The theme of today’s University Press Week blog tour is spotlighting the work of university press staff. We offer a guest post by Assistant Director for Contracts and Intellectual Property Cathy Rimer-Surles and Editor Gisela Fosado on the recent work they’ve been doing UNC Press to build a more equitable and inclusive workplace.
As we highlight the enormous contribution of university presses toward publishing books and journals featuring a rich range of multicultural voices, staff at Duke and UNC Presses are also acknowledging the entrenched problem of an all-too-homogenous workforce in the publishing industry as a whole. The 2015 Diversity Baseline Survey, conducted by Lee and Low Books, represents the first major study to look at diversity among publishing industry staff. This survey indicated that 79% of employees in the publishing industry identified as White, while only 21% of employees combined identified as Black, Native American, Asian-American, Hispanic/Latino or Multiracial. When looking at job functions within publishing such as those in Editorial, Sales/Marketing or Executive groups, the disparities become even more striking. Earlier this year both Duke and UNC Presses launched equity working groups in order to attempt to address the lack of diversity within our own presses.
In conversations around diversity in the workplace, employers sometimes ask themselves why there are so few people of color within their workforce. As part of our discussions around diversity, equity and inclusion, however, a growing number of staff members are starting to ask themselves different questions, such as why it is that the vast majority of employees and especially administrators at their respective presses are White. In other words, what publishing opportunities did White employees have that were not open to members of underrepresented groups?
Through engaging in regular discussion and self-assessment, equity working group members at both presses are starting to identify some common themes around hiring and recruitment. For example, where the vast majority of staff members in a workplace identify as White, when they reach out to their informal networks as part of the organization’s recruitment process, they are most likely to reach out to people similar to themselves. As an alternate approach, the groups are partnering with their respective HR teams to implement strategies for casting a wider net for potential job applicants including consistently posting at a wider range of area universities, having a visible presence at diversity job fairs, and forming a speaker’s bureau to talk with diverse audiences about scholarly publishing as a career.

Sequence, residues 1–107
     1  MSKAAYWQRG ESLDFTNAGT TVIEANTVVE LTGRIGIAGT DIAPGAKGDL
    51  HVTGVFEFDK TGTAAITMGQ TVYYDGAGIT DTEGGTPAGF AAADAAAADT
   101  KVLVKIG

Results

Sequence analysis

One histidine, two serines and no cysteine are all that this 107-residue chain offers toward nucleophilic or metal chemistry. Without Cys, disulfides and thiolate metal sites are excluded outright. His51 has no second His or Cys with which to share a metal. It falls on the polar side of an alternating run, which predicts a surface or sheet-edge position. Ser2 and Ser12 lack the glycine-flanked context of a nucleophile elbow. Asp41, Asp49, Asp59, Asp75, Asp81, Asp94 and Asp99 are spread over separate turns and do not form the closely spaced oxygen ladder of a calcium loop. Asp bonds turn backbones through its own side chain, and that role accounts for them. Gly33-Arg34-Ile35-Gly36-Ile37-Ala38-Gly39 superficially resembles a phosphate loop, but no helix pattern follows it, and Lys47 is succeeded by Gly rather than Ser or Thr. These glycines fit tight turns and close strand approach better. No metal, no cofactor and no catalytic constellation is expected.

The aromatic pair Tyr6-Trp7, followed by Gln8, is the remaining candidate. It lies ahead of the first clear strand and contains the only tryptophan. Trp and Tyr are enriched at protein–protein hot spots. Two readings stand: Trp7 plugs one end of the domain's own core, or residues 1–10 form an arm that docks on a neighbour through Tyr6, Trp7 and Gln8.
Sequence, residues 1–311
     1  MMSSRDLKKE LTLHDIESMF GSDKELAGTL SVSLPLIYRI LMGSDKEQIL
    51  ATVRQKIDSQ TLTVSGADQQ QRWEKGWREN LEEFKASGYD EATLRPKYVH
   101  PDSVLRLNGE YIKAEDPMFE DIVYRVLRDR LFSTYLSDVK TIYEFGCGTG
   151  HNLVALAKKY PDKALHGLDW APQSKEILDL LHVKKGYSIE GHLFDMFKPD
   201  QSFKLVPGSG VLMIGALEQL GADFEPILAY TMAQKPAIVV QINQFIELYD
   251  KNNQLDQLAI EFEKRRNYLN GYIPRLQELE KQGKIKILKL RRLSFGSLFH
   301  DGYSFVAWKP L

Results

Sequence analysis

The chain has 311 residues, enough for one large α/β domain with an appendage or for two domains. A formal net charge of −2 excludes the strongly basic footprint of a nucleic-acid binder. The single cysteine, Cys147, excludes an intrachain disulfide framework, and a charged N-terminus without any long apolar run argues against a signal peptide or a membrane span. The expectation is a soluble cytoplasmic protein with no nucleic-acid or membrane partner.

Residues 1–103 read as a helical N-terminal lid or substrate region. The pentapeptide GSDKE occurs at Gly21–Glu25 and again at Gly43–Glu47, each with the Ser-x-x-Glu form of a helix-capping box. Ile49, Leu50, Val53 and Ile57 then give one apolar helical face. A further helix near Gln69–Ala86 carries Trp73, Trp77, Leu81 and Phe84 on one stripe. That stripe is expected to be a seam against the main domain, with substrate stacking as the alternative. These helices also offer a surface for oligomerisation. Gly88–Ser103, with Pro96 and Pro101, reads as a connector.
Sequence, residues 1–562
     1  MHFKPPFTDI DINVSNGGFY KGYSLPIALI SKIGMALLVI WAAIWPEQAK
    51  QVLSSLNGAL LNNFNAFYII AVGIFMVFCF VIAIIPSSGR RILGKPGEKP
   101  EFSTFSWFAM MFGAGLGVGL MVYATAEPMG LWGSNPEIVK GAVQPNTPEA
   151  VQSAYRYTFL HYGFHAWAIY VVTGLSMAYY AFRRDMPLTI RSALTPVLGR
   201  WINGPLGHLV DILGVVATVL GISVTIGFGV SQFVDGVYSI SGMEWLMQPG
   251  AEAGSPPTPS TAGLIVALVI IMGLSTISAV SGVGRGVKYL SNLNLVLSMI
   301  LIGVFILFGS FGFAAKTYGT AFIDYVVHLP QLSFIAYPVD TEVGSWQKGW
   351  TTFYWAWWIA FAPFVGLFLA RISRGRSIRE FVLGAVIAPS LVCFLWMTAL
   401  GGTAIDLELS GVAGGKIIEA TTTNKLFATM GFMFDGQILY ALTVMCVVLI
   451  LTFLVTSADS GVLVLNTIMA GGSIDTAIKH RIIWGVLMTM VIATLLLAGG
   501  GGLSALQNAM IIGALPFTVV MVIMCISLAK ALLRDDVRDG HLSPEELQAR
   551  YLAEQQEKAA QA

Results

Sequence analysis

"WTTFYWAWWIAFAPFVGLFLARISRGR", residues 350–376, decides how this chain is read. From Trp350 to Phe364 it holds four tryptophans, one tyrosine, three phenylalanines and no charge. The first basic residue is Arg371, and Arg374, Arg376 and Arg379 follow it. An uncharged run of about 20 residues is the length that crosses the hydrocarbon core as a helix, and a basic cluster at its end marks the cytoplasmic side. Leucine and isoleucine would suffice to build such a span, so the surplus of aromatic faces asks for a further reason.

Duke and UNC’s equity groups have also focused on examining the culture of their respective presses. In a recent joint panel discussion featuring staff from both presses and Duke University’s Office for Institutional Equity, panelists highlighted the need to examine and transform the workplace culture. For example, becoming more aware of the role of implicit bias not just in recruitment and hiring decisions, but also in everyday personal interactions, including awareness of who is developed professionally through mentorship or through other opportunities that arise in the workplace. Panelists of color highlighted the negative impact of micro-aggressions and subtle bias on their self-esteem and job satisfaction, an experience shared by staff members from other marginalized groups including members of the LGBTQI community and people with disabilities. Panelists of color also discussed their sense that there was an expectation to assimilate in order to truly “fit in.”
In seeking to address these concerns in depth, Duke University Press’s equity group has organized a series of workshops designed not only to raise awareness about the experiences of marginalized groups, but also about the critical role of the dominant, but often “invisible” culture. After a kick-off workshop on Implicit Bias, staff will have the opportunity to participate in workshops led by Duke’s Center for Sexual and Gender Diversity and Disability Management Office.
Although these initiatives are only the first building blocks in constructing a more equitable and inclusive workplace, we are excited to be having these conversations and are eager to share our experiences with other interested presses.
Continue on the University Press Week blog tour with Seminary Co-op Bookstore featuring a bibliography of former Triliteral sales rep, John Eklund’s favorite books throughout his career with Harvard, Yale and MIT. Head to Wayne State University Press for the WSUP Shelf Talkers series—this time highlighting WSUP’s new in-house designer. University of Washington Press features Mellon University Press Diversity Fellow Niccole Leilanionapae’aina Coggins. University Press of Mississippi draws attention to staff members’ work outside of the Press and in the community. The University of Wisconsin Press shares The Art & Craft of Print: a feature on multi-talented books production manager Terry Emmrich, who is also a fine art printmaker. Johns Hopkins University Press spotlights Debby Bors, who—-after nine years in manuscript editing at JHU Press—explains her passion for university press publishing.
very nice post